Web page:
The plain truth is that if you asked a broad sampling of people here – young secularists sitting in a coffee bar in Tel Aviv on a Saturday morning, cab drivers waiting for your arrival at Ben-Gurion airport, religious moshavniks in the Galil – why Shas remains in the coalition, you would probably get variations on the same harsh and devastating answer: blackmail. That Shas is simply using its position as power maker (we can bring down the government if you don’t do what we want) to get its people into key positions (like chief rabbi of Jerusalem), or to get support for legislation that ordinarily wouldn’t have a snowball’s chance in you-know-where of passing.
While people in Sderot, and now in Ashkelon, are living in fear of rockets, the Shas delegation in the Knesset was rounding up support for a bill that would require Bezeq – the phone company and provider of our internet connection – to provide every user with a filter that would block out violence and pornography coming over the internet; if you didn’t want it, you would have to opt out on your own.
Now, I am, in general, opposed to pornography and violence, and in favor of devices that keep them away from children and from the rest of us. In fact, I am surprised that there aren’t such devices commonly available for television, which could certainly use some supervision. But there are plenty of effective filtering devises for the internet already on the market, with more on the way. My philosophy is that it’s a bad idea to force people to do what they would probably do on their own – if they thought it was their idea. I am also a political conservative from America who believes that he can do a better job of running his life than the government can. If this bill were to pass – unlikely, but possible – the Knesset member in charge of this project (and who would decide the definition of pornography) could easily become someone who believes that men should never see any pictures of fully-dressed women, and that men and women should walk on opposite sides of the street.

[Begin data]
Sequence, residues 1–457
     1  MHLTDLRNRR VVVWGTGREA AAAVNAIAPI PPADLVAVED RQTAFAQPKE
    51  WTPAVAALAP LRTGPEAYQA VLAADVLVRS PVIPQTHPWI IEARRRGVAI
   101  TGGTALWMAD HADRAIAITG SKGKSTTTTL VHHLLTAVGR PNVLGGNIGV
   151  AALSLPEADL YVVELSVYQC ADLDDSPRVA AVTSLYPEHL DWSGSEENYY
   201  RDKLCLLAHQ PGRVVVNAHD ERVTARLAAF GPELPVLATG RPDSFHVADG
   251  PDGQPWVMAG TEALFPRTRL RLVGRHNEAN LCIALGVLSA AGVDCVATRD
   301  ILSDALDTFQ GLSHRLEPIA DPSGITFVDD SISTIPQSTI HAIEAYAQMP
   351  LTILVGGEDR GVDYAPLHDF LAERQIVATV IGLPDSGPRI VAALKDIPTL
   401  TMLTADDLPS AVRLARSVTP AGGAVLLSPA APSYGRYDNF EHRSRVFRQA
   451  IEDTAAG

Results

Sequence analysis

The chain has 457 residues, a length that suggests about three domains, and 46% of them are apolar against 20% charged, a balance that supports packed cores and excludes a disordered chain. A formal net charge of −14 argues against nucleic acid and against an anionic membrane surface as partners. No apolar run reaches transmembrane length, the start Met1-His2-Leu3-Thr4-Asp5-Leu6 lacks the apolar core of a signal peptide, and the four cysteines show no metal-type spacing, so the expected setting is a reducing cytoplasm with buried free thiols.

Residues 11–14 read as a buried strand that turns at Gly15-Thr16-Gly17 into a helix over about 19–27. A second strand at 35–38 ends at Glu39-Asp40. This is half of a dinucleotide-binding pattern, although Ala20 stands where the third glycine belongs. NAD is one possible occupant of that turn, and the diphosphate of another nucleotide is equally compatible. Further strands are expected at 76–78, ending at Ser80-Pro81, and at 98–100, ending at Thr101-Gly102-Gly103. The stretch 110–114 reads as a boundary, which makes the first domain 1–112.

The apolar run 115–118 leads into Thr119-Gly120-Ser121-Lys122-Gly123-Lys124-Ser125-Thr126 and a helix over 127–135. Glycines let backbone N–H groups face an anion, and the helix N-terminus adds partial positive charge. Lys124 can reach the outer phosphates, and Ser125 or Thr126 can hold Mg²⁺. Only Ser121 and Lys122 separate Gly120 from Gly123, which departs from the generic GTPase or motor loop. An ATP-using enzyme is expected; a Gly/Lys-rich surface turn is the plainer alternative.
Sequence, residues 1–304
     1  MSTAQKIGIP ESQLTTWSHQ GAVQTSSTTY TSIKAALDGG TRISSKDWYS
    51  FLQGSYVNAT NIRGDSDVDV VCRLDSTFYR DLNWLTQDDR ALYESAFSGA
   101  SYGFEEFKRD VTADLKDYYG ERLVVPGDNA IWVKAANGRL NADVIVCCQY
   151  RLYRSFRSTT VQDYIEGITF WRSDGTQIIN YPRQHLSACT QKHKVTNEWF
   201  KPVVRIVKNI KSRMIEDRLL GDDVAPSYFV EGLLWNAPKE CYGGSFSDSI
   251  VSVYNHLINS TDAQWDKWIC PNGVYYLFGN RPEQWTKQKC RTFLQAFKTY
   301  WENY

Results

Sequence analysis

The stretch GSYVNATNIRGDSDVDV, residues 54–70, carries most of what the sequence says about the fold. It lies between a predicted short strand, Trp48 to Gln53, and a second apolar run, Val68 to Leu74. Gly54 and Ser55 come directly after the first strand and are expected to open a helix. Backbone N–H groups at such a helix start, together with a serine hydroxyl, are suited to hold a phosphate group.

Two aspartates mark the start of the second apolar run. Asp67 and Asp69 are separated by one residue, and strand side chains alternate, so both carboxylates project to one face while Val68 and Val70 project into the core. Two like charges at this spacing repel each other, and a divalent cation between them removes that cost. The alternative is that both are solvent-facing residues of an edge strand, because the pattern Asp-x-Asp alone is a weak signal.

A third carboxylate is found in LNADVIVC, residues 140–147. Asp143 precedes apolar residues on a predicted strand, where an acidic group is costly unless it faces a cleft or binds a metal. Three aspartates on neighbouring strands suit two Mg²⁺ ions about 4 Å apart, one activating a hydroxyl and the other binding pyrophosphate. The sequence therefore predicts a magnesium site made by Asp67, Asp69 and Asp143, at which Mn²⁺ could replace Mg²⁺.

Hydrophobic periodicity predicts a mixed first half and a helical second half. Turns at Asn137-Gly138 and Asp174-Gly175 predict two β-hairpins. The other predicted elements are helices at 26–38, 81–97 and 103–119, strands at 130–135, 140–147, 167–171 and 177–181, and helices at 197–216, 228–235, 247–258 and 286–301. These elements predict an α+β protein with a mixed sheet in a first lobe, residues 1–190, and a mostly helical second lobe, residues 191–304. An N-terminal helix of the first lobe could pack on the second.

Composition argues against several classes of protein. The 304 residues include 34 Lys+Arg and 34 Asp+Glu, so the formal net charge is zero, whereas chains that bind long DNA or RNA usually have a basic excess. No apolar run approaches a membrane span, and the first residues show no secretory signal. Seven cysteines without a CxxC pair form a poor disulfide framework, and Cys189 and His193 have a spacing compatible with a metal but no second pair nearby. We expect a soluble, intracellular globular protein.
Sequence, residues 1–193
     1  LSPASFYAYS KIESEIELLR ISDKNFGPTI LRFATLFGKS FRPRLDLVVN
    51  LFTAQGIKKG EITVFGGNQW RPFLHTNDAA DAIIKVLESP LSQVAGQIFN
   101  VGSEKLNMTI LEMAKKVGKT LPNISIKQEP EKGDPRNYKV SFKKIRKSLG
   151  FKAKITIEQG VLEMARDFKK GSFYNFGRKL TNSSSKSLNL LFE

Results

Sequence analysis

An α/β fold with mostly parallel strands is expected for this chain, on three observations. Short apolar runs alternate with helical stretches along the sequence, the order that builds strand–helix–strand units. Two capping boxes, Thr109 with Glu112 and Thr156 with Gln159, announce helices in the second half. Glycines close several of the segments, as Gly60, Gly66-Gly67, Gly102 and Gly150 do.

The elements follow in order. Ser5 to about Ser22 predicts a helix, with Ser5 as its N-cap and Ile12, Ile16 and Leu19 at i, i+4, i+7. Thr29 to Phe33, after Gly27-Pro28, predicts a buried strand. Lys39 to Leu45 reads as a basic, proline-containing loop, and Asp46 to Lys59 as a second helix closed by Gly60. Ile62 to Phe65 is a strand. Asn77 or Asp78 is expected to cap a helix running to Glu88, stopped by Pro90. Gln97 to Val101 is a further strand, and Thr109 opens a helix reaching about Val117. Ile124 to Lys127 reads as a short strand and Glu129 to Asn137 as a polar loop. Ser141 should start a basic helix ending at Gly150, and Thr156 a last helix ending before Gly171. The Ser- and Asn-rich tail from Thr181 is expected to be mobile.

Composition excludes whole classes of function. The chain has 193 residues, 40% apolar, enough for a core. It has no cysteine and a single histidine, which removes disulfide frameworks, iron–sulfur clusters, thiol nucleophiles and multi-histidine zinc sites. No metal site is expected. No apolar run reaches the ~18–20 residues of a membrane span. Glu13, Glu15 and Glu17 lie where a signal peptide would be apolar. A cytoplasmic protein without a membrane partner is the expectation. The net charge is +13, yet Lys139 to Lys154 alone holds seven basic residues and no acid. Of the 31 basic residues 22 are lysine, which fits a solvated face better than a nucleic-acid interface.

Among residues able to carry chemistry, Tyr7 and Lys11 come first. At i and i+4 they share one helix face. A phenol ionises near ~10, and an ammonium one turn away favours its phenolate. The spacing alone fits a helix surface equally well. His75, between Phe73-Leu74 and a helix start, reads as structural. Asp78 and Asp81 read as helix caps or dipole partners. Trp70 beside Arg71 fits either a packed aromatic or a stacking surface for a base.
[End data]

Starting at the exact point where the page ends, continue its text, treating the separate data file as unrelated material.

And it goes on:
Meanwhile, life goes on in Sderot and environs, and the folks around the world are taking umbrage at even our half-hearted attempts at self defense. What I have decided to do – now that I have caught the attention of the editor of Haaretz magazine, and in my never ending effort to make the world a better place to live – is write a letter to THE Editor, The Ultimate Decision Maker, The One to Whom we address our supplications and requests. With your permission, I will share it with you:
Dear Ultimate Decider of My Fate; I know that You have a lot to accomplish, so I will keep this missive as brief as possible. It seems to me that You are forced to remind us every once in a while who is in charge – You – and who is not in charge – Us. Even as someone who just recently arrived in The Land You promised us thousands of years ago, and to which You are graciously allowing us to return, some things are fairly obvious, and one of them is that You are in the “I’m reminding you” mode. Israel has never been stronger, economically, technologically, and, yes, even spiritually. Yet there is an obvious inverse relation between the strength of the nation and the weakness of resolve and narrowness of spirit of our leaders – even some of those who claim to represent You. And the more numerous we become, the more determined our enemies are to destroy us. (Didn’t we play this scene out before?) So what are we left with? Your eternal mercy and our own resolve to live in The Land. May I humbly offer up the follow requests for Your consideration: Confound our enemies, give our leaders a little backbone once in a while, and remind our extended family still living in Exile – oblivious to the physical dangers some of them face and the real threat of decimation by assimilation that all of them face – that You would like them to come Home. And allow us to go from strength to strength.
Sincerely,Fred CasdenHamitzadim 33Maale Adumim, 98420Israel